By Neha Kirpal
Can a career in music also be a source of personal growth? What are the challenges women face in the industry? Noted female musicians take us behind the scenes of their world. This is the third of a three-part series (part one here and part two here).
Mumbai-based Nirmika Singh is a poet, lyricist, singer and music critic. She has to her name an album, Jhoothe (2016) and multiple collaborative projects with Bollywood greats like AR Rahman, music director Clinton Cerejo and brands like Amazon India and Hyundai among others.
For the anthem of the Marvel Studios’ conclusion to the 22-film series, Avengers: Endgame, AR Rahman specifically roped in Nirmika to pen the lyrics. She is also working with Rahman on other projects, and is part of a rare breed of female lyricists in the industry.
Says Rahman of his young collaborator: “Nirmika is a lyricist who understands modern sensibilities and is also well-versed in the world of poetry and songwriting without letting go of the old soul of Hindi and Urdu poetry – she does all this with ease!”
Nirmika is also the only music influencer to have a partnership with Facebook India as part of her monthly chat show #BackStage. She also hosts Rolling Stone India’s Twitter show, #RollingWith. She recently launched her poetry project, #AurSuno, which has caught the ears of industry bigwigs for being a bold, feminist voice.
“Music can be a source of both personal growth and social consciousness. For me, the experience of listening to music from around the world – and recently visiting places of the birthplaces of jazz (New Orleans), blues (Memphis) and country (Nashville) – has made me more empathetic and sensitive to the diverse voices and perspectives of different people. These qualities only further fuel my own creativity. As a lyricist, I feel music is a sort of refuge for me where I build fantasies, destruct enemies and fall in love. I think without music, my life would be a sad story,” says Nirmika.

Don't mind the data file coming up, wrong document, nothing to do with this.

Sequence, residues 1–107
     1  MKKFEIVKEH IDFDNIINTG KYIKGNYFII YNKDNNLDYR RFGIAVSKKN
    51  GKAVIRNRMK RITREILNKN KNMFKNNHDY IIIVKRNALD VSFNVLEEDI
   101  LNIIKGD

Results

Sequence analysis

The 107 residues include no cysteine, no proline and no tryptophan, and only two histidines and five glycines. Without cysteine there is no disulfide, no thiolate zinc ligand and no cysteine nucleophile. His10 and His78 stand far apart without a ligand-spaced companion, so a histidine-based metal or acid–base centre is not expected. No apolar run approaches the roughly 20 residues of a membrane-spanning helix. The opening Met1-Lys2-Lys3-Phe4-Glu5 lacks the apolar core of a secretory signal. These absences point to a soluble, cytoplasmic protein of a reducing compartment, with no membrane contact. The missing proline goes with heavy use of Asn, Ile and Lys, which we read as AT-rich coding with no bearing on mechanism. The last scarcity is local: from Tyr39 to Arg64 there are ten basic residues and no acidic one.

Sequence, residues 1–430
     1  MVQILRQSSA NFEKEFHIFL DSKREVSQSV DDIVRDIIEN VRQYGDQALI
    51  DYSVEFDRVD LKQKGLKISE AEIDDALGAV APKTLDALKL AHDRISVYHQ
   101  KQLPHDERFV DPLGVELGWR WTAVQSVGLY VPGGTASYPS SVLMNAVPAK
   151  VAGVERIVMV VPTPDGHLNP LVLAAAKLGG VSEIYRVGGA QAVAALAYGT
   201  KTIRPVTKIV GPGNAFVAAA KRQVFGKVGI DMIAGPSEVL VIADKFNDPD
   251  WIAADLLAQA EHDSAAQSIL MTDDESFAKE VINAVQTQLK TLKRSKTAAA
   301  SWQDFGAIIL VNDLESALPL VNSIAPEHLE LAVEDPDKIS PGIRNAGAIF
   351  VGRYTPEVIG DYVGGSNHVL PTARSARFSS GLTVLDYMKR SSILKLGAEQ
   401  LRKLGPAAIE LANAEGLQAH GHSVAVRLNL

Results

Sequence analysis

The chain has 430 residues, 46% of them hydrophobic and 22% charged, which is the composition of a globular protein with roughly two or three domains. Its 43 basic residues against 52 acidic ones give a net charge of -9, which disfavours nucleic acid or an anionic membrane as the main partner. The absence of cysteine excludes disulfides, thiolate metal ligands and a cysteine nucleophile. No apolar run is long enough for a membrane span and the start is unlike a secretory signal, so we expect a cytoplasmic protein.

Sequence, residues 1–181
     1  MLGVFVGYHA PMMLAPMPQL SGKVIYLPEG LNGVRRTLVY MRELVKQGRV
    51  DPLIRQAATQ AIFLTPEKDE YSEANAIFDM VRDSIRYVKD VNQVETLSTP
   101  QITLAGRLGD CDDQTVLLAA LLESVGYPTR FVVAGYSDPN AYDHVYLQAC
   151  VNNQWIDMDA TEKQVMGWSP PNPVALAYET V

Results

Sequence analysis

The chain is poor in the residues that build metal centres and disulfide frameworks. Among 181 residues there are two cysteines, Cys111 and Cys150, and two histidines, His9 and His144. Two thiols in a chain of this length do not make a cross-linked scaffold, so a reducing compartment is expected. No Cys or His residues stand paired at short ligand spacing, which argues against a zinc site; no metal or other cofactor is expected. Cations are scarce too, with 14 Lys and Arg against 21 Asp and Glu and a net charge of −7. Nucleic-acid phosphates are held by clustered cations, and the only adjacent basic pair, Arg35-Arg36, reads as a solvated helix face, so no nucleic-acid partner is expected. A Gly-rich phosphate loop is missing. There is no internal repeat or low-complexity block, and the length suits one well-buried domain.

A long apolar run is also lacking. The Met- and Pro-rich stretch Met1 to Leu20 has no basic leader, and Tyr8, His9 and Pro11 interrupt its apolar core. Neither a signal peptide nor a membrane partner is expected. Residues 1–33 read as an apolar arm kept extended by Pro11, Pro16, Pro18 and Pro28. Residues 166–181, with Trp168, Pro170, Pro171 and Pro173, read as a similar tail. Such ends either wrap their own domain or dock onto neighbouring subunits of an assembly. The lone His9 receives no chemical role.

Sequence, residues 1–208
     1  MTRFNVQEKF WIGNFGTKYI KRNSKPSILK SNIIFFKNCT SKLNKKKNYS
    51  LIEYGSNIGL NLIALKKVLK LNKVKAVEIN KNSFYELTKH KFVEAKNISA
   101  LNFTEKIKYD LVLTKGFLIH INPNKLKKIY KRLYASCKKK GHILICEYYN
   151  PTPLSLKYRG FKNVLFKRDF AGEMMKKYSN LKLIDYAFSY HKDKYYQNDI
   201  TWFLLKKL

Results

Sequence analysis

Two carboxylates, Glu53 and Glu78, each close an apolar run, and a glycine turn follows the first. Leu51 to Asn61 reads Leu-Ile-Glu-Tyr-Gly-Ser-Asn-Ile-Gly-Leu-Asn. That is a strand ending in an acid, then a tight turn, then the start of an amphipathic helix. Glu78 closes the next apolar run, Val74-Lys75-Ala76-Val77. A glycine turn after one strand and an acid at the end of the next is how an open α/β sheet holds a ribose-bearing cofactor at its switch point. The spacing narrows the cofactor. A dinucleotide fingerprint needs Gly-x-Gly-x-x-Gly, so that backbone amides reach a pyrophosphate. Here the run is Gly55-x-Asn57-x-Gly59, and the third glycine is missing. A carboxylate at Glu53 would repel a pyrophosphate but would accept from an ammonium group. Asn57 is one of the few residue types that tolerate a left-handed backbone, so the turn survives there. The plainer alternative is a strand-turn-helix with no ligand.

As a lyricist, she believes there aren’t enough women role models. “So, it is easy for any woman aspirant to view a creative job like ours as restrictive and prohibitive,” she says.
She believes that creative fields like the business of music production and lyric writing operate in a way that there are no official wage regulations, and artists command or demand fees based on their stature and experience.
“Considering there aren’t enough women composers or technicians in the studio and on stage in the Bollywood and indie circuit, I cannot say for certain if they earn as much as men. Maybe those at the top do,” she muses.
Nirmika feels that the challenges for women in music are similar to those in other creative fields with the added element of late nights, long work hours and erratic schedules.
“Not to mention the collaborative nature of the job, which requires a close relationship with peers, sometimes even blurring the boundaries between the personal and the professional. Plus, the ‘glamorous’ nature of the job, which a lot of people may not consider ‘respectable’,” she says.
All of these fluid working conditions can sometimes make the field restrictive to women, she avers.
Photography by Prashin Jagger
This is the final part of a three-part series ‘Siren Song’ first published in eShe’s August 2019 issue
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